I’ve heard of and seen lots of recipes for no-bake bars that feature peanut butter in them (I’ve tried some, and they’re great), but not so much for almond butter. This recipe’s my little contribution/homage to almond butter. It satisfies the sweet tooth craving I get after dinner without making me feel too full. I’m sure that I’ll be stuck in a phase where I have to eat one at least every day for the next month or two. Another plus side to it is that the ingredients are actually pretty healthy so far as sweets go. Make sure you don’t leave out the vanilla extract guys, it adds something really special to the flavor of the almond butter- plus I love vanilla flavored ANYTHING, so I’ll look for excuse to throw it in a recipe if I think it’ll work…and it did. Rather nicely, I think.  I used Honey Bunches of Oats cereal with the Quick Oats to give the bars some varying textures, but if there’s another cereal that you prefer, feel free to use it. The bars are pretty versatile and ridiculously easy to make. Seriously, I think they take less than 10 minutes to put together, and a few hours to harden. So that means you literally have NO excuse not to make them. Right? Of course right.

FEED(ME) BACK: What’s your favorite thing to eat when you have a sweet tooth?

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Vanilla Almond Butter Bars

Yield: 16 Bars

CLICK HERE FOR PRINTABLE RECIPE

Ingredients

  • 1 cup creamy or chunky almond butter
  • 1 cup of honey
  • 2 cups of whole grain oats (either quick or rolled will work fine)
  • 1 cup Honey Bunches of Oats with Vanilla Clusters cereal, or Honey Bunches of Oats with Cinnamon Bunches cereal, slightly crushed
  • 1 tablespoon vanilla extract

Directions

1. Combine almond butter and honey in a 2 qt saucepan and place over medium heat. Allow to simmer until almond butter has completely liquefied and blended together with the honey. Remove from heat.

2. Stir in vanilla extract.

3. Fold the oats and cereal into the almond butter and honey mixture until evenly combined.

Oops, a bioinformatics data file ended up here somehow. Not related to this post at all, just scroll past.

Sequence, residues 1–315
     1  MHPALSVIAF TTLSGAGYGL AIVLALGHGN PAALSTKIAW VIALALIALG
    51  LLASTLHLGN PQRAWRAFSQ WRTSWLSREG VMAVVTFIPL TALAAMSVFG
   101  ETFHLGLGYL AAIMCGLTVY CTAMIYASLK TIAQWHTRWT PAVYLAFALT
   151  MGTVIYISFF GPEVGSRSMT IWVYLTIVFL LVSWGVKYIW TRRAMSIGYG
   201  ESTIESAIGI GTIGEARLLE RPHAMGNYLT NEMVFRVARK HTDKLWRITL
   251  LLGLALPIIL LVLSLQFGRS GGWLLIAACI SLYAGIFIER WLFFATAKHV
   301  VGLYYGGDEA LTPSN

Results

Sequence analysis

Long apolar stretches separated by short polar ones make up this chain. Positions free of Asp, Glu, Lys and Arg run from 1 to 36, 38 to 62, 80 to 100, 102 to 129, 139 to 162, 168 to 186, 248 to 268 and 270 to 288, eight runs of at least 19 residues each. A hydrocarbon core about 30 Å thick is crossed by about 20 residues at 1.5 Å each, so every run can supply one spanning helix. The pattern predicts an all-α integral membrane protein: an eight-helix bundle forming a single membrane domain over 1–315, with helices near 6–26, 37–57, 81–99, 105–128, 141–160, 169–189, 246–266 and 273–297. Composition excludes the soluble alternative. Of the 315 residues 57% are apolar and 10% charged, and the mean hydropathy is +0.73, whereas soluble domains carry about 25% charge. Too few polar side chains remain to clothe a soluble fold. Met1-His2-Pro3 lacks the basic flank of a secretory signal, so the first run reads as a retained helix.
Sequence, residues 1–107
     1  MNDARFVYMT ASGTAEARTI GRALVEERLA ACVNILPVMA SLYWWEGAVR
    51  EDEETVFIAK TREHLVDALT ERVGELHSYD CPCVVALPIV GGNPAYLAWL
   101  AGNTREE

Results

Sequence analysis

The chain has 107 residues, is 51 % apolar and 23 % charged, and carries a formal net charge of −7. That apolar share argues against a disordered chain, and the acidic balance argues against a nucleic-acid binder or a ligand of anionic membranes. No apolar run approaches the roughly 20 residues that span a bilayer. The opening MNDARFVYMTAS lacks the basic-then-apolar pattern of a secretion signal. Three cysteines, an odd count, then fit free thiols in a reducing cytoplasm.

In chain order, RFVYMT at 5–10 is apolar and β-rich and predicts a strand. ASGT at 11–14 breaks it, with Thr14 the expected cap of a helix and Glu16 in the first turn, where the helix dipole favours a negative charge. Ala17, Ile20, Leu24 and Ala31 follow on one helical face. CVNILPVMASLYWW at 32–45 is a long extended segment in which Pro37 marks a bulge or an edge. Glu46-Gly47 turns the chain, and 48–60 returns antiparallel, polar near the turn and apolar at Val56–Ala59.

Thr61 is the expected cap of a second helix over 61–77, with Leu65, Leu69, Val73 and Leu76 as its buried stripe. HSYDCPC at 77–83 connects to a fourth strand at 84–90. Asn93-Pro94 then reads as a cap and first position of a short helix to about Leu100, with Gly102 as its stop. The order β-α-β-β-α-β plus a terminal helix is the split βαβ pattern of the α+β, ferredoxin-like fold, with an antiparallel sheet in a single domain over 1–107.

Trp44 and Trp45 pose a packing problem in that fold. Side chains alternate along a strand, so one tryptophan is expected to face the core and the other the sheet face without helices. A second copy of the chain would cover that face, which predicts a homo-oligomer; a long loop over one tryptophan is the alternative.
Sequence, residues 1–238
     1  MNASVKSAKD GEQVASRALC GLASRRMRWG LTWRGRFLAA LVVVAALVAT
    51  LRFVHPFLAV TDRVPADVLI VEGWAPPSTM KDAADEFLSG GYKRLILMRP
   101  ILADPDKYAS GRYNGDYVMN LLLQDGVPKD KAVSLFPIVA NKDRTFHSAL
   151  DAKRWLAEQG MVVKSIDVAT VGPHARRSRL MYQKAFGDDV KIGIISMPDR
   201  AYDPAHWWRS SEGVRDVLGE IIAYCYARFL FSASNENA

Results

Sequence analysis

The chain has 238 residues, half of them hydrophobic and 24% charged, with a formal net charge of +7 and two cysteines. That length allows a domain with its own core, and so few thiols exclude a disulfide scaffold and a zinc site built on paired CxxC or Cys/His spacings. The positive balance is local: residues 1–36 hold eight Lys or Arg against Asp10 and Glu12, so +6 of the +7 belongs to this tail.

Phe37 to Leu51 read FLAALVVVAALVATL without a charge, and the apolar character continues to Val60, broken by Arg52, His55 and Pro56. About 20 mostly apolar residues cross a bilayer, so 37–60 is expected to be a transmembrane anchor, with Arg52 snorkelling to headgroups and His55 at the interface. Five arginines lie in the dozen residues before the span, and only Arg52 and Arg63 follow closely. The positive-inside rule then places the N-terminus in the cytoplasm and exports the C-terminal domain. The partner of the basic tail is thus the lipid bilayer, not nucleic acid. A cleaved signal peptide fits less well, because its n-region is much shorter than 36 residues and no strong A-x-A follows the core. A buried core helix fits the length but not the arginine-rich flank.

4. Use a rubber spatula to press the mixture into an 8” square cake pan or baking dish, making sure to spread mixture into an even layer.

5. Cover pan with plastic wrap or aluminum foil and refrigerate overnight, or at least for one hour.

6. Cut into squares.

Texas Roadhouse Rolls

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There are a handful of restaurants and fast food joints that I like going to for one specific thing, and one specific thing only. Maybe they have other things on the menu that taste good. Maybe there are other things on the menu that aren’t so good. But either way, if I’m going to this place, I’m going to get that one specific thing, or the entire point of the trip is negated.

If it’s Cracker Barrel, I’m going for the pancakes.

A trip to Qdoba means I’m getting a chicken burrito with brown rice, corn, peppers and spicy salsa.

Coldstone Creamery? Cake batter ice cream with graham cracker bits and caramel.

Regardless of what city I’m in, if I’m eating at any Middle Eastern restaurant/deli, I don’t even need to look at a menu. I already know that I’m getting a chicken schwarma wrap with extra hummus.

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And then there’s The Texas Roadhouse.

You guys know where I’m going with this. Anybody (ANY-friggin-body) who has ever been to The Texas Roadhouse knows exactly where I’m going  with this. Don’t get me wrong, The Texas Roadhouse has other things on their menu that taste just fine. I have no complaints for the food in general. But for me, and I suspect for quite a few of you out there, there is but one thing that sets this place apart from all others.

No. It’s not the peanut shells that are littered across the floor.

Nope. I’m not talking about the caricature pictures of Dolly Parton and Willy Nelson on the wall.

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I’m talking about bread, guys.

THE bread.

The best bread to ever pass your lips. I’m not kidding. The first time that you try the Texas Roadhouse bread, you’re going to need a minute to yourself just to process what is happening. You’re not going to think it’s possible that something as simple as bread can taste so good. You’re going to wonder what the heck has been that crap you’ve been eating for years at other restaurants that they try to pass off as ‘bread’ (Unless you’re at Red Lobster or Outback Steakhouse- they don’t count here). You’re probably even going to think that the chefs in the kitchen are slipping some crack in the dough.